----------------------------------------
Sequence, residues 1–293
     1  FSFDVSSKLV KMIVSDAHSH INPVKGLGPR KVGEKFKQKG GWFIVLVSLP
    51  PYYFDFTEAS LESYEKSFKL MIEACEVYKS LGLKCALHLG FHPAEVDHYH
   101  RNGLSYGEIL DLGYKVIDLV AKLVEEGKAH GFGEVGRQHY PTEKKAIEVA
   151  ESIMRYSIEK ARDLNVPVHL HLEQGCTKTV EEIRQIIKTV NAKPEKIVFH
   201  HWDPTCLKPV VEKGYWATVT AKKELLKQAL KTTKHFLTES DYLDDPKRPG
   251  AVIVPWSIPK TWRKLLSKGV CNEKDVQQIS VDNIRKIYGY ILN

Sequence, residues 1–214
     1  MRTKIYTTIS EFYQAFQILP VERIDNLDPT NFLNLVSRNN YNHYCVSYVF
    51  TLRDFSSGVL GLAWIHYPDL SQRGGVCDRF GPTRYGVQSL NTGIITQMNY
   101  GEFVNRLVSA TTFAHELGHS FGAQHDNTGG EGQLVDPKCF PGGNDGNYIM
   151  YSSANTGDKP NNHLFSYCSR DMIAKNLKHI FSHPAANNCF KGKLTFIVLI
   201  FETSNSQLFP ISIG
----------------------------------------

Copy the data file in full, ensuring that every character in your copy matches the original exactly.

Sequence, residues 1–293
     1  FSFDVSSKLV KMIVSDAHSH INPVKGLGPR KVGEKFKQKG GWFIVLVSLP
    51  PYYFDFTEAS LESYEKSFKL MIEACEVYKS LGLKCALHLG FHPAEVDHYH
   101  RNGLSYGEIL DLGYKVIDLV AKLVEEGKAH GFGEVGRQHY PTEKKAIEVA
   151  ESIMRYSIEK ARDLNVPVHL HLEQGCTKTV EEIRQIIKTV NAKPEKIVFH
   201  HWDPTCLKPV VEKGYWATVT AKKELLKQAL KTTKHFLTES DYLDDPKRPG
   251  AVIVPWSIPK TWRKLLSKGV CNEKDVQQIS VDNIRKIYGY ILN

Sequence, residues 1–214
     1  MRTKIYTTIS EFYQAFQILP VERIDNLDPT NFLNLVSRNN YNHYCVSYVF
    51  TLRDFSSGVL GLAWIHYPDL SQRGGVCDRF GPTRYGVQSL NTGIITQMNY
   101  GEFVNRLVSA TTFAHELGHS FGAQHDNTGG EGQLVDPKCF PGGNDGNYIM
   151  YSSANTGDKP NNHLFSYCSR DMIAKNLKHI FSHPAANNCF KGKLTFIVLI
   201  FETSNSQLFP ISIG